How to Make Your Wi-Fi Strength Extend Further

By Michelle Castle

Every wireless router or access point has a finite range that it can broadcast to under the best of circumstances. However, a number of factors affect the strength of Wi-Fi networks. The number of walls and solid objects the signal must travel through, interference from wireless and electronic devices and the technology used all impact the signal's range. You can increase the range of your Wi-Fi signal by placing your router in an optimal location, using modern wireless routers and adapters and adding Wi-Fi repeaters or routers as needed.

Step 1

Position your wireless router carefully to achieve the strongest signal possible. Choose a location that is as close to where wireless devices are used as possible. Reduce the number of walls and other solid obstacles between the router and your Wi-Fi compatible devices. Place the router on an upper floor or above your Wi-Fi devices for the strongest signal. Avoid placing the wireless router near cordless devices, microwave ovens, metallic objects, fish tanks and mirrors because they can interfere with the signal.

Step 2

Convert the omni-directional antenna on your router to a uni-directional antenna if you want to broadcast the Wi-Fi signal in only one direction. Most routers come with omni-directional antennas which emit the signal in every direction uniformly, and using a uni-directional antenna to focus the signal in one direction will extend your signal farther. Alternatively, create a reflector from aluminum foil and place it behind the router's antenna to focus the signal in one direction.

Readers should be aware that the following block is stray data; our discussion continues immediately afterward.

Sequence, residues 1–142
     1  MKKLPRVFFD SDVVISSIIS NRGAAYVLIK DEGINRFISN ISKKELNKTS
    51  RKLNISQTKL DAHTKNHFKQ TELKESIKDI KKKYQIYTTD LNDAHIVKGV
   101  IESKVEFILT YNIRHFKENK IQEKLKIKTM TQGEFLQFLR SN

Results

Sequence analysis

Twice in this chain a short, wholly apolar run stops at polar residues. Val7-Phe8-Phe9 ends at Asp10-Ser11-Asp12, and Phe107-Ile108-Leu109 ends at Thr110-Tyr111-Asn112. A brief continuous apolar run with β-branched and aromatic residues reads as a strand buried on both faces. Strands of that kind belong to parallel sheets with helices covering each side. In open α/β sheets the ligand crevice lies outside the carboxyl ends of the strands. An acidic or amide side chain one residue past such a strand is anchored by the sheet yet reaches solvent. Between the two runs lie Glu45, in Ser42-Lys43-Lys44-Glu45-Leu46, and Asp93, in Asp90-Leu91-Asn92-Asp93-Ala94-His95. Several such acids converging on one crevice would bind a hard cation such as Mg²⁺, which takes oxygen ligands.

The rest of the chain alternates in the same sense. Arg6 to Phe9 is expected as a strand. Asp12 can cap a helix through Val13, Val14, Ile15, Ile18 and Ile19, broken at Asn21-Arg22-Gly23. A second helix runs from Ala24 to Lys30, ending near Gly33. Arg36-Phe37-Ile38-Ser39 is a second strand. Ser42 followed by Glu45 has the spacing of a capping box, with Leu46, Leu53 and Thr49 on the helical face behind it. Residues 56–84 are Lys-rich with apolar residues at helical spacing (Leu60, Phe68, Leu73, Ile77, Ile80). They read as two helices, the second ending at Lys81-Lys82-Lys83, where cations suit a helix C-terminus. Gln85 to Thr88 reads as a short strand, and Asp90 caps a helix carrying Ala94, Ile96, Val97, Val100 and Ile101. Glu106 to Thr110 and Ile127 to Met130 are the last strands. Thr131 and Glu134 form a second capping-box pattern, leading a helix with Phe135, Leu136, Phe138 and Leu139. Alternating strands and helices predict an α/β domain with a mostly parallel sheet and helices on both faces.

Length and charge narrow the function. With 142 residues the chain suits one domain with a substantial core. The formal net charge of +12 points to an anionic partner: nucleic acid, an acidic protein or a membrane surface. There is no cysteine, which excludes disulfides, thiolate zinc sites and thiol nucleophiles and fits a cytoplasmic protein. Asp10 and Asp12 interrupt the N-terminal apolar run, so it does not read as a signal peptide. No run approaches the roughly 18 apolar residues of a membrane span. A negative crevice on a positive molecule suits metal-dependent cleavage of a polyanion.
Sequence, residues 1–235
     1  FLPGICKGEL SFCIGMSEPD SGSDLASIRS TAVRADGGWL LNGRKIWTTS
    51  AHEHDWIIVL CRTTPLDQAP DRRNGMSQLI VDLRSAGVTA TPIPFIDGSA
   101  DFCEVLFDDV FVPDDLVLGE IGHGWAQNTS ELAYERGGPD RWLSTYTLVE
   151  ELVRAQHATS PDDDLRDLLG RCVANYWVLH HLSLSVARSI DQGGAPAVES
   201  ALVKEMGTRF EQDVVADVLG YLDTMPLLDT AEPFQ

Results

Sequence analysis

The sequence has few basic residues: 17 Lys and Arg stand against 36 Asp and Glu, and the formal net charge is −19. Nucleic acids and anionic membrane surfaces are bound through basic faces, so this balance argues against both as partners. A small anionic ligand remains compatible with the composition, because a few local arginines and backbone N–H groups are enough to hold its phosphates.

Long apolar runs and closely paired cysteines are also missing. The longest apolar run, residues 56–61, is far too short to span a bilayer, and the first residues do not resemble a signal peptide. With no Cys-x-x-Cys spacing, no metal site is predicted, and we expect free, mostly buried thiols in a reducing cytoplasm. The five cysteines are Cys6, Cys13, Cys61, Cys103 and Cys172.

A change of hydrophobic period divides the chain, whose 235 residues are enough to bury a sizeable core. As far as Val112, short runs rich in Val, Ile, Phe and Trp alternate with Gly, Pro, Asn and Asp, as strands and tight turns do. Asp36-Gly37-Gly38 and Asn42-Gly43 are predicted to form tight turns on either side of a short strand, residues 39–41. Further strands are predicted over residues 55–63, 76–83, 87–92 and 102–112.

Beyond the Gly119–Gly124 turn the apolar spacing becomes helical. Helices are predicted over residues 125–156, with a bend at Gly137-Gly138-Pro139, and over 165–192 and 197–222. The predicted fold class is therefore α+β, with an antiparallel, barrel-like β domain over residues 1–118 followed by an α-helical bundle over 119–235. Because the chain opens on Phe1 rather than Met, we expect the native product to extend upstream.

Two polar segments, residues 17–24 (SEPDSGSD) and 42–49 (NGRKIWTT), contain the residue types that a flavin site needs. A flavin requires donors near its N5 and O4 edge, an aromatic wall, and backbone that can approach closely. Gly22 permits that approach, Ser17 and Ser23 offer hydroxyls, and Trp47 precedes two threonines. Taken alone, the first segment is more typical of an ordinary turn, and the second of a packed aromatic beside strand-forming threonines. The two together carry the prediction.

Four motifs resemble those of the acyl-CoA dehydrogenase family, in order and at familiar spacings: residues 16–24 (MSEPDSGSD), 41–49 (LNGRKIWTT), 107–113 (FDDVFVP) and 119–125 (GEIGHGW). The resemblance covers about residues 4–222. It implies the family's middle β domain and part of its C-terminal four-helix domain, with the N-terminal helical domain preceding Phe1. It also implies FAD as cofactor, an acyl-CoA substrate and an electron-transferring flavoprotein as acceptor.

Step 3

Purchase a Wi-Fi repeater or range extender. Follow the instructions that came with the repeated to install it. Connect the repeater to your computer using an Ethernet cable. Open a Web browser and type the repeater's IP address into the browser's address bar. Provide a name for the device and use the repeater's wizard to complete setup. Disconnect the repeater from your computer and place the repeater within your router's range to use it to relay the Wi-Fi signal farther.

Step 4

Connect another wireless router to your primary router using a long Ethernet cable. Place the second router on another floor or in a another room to extend the Wi-Fi signal.

Step 5

Use a wireless router with a greater range. Choose a Wireless N (802.11n) router over a Wireless G (802.11g) router for a stronger and faster signal.

Step 6

Upgrade the wireless adapter on your desktop or laptop if it uses the Wireless G or other old standards. Install a new network card or add a USB wireless adapter that uses the Wireless N standard for better reception and faster Web browsing.